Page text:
Jeff judged honey entries on Saturday morning, I talked, and we said our farewells to our Arkansas friends.  Hopefully though, one of our friends, Jon Zawislak, will be joining us as a guest speaker at next year’s MBA Conference!


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Jon Zawislak, Jeff, Me and David Burns



There Must Be A Virgin In There!

Our new grad student, Heather, and I have been trying to raise queens for the past two months, and we have had no end of fits with our cell builders.  No matter how strong we make them, how much we feed them, or how earnestly we plead with them, they have only been giving us about a 10-20% take.  Frustrating.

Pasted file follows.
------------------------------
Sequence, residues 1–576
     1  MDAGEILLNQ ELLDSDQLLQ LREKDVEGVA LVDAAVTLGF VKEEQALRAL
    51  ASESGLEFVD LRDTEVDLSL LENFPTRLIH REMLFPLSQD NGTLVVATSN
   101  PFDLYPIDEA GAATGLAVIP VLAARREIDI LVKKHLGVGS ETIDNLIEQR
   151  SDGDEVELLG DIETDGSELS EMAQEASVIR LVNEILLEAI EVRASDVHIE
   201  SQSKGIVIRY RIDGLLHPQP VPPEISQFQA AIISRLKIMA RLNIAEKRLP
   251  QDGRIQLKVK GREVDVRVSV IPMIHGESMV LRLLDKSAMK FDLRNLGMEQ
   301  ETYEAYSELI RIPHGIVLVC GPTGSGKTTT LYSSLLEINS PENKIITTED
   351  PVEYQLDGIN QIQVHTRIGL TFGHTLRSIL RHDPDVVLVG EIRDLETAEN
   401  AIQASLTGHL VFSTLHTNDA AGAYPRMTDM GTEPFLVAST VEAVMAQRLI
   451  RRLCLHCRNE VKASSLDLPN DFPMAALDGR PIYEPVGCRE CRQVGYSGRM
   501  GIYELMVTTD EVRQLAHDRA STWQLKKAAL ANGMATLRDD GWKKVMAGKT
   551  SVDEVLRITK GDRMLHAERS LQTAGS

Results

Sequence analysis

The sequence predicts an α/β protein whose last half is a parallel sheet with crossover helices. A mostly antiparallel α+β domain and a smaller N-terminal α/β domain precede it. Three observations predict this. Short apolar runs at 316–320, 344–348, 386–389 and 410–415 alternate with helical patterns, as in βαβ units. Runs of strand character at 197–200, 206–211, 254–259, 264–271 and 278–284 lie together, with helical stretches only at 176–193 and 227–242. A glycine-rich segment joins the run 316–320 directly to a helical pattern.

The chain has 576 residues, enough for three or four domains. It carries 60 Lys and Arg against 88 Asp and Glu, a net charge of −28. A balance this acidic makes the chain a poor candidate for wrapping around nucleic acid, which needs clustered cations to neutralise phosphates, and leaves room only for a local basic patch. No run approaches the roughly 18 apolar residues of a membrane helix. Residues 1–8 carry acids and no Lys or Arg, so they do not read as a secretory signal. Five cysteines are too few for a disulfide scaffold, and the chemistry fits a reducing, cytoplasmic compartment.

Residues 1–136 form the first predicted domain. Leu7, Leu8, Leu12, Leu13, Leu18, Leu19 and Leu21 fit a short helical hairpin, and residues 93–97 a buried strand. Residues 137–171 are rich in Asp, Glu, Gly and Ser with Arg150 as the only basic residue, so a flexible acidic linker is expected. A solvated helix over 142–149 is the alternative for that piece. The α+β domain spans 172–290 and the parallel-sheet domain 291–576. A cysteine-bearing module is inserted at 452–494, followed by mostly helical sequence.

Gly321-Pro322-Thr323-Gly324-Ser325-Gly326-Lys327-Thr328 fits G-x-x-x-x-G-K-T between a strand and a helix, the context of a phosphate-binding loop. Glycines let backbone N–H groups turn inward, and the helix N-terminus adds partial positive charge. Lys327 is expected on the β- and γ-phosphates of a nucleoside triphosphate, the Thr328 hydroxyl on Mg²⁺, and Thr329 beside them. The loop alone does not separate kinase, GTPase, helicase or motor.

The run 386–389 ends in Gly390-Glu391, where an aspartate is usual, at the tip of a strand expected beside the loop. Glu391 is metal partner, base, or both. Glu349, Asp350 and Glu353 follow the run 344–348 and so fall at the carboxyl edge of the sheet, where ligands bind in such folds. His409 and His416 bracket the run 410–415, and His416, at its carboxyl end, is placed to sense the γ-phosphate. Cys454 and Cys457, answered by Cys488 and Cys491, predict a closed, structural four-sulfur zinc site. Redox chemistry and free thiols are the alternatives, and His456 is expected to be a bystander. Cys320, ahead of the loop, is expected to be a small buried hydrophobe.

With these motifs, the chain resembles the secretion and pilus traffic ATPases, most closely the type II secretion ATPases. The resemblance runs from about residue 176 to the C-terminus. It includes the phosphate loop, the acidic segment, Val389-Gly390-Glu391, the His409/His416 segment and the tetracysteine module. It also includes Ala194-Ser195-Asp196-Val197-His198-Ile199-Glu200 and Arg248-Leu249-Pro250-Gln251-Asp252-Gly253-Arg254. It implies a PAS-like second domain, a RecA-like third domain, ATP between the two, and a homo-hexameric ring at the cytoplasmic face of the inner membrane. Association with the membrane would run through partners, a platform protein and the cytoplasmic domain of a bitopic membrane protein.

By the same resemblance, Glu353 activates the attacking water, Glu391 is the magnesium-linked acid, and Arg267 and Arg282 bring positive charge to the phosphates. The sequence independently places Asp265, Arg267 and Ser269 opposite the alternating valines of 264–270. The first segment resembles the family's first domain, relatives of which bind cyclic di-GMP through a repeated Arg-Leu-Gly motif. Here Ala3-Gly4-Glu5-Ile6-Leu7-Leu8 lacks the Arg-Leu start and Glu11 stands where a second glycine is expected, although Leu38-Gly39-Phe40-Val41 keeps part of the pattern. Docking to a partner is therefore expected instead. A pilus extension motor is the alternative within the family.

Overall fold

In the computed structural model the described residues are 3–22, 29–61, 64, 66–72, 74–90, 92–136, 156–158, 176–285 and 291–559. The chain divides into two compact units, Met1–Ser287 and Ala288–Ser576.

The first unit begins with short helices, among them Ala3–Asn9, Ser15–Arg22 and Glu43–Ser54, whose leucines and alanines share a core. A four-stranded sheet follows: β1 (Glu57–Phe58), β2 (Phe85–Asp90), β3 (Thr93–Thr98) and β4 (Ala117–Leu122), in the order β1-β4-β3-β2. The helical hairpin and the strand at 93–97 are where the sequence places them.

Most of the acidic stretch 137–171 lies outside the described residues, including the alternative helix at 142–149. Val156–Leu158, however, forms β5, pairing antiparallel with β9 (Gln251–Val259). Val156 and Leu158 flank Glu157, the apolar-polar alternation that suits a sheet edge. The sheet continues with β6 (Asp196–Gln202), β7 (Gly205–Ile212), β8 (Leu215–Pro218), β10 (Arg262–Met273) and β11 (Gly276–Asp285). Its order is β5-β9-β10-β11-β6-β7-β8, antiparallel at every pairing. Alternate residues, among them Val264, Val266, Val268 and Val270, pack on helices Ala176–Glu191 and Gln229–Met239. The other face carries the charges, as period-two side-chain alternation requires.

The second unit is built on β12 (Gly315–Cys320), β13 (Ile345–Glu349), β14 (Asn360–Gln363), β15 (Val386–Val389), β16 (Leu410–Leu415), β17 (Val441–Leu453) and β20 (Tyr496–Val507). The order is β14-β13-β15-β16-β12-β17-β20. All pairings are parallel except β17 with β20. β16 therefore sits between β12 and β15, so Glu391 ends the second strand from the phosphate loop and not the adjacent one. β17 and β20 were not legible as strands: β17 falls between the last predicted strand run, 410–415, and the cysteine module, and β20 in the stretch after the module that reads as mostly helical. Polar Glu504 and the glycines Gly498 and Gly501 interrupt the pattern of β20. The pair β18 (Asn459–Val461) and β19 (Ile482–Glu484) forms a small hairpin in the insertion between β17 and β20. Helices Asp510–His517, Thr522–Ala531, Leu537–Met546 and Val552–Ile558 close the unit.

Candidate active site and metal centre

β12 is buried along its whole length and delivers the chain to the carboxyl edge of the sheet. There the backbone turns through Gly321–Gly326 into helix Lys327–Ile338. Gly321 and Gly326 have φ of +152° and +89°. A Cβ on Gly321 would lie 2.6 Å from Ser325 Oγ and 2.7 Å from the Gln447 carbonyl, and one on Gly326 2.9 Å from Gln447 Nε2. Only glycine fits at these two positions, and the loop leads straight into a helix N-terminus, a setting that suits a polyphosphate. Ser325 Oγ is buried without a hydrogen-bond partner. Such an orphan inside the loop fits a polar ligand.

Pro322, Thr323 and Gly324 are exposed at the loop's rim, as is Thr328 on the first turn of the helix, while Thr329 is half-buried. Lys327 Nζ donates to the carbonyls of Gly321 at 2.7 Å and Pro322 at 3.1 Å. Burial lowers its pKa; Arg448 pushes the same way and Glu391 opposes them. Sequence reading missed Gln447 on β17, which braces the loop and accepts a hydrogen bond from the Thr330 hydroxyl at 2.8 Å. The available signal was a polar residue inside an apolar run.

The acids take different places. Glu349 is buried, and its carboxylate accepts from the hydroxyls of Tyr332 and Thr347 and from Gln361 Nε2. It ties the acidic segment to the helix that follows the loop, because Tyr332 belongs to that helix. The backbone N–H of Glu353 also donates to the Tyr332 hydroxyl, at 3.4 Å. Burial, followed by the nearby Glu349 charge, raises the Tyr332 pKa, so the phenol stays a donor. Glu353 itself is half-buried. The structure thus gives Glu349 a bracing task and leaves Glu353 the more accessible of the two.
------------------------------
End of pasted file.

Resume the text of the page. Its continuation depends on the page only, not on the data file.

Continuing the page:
So, Jeff finally got down and dirty with the “queenless” cell builder we keep at the entomology building and completely took it apart, dumping all of the bees on the patio in front of the hive and forcing them to re-enter the 2-story cell builder through a medium super equipped with a queen excluder….just in case there was a virgin running around in there.

bee dump

This is about the messiest way to ensure your cell builder is completely queenless, but we were running short on time to reach our quota of fresh queens. It was a desperate last measure.  I grafted another 30 larvae into this “filtered” cell builder today, and I will check tomorrow for success.  If nothing else, our fruitless late summer queen-rearing endeavors have given Heather an opportunity to do several grafts and experiment with different grafting tools and media!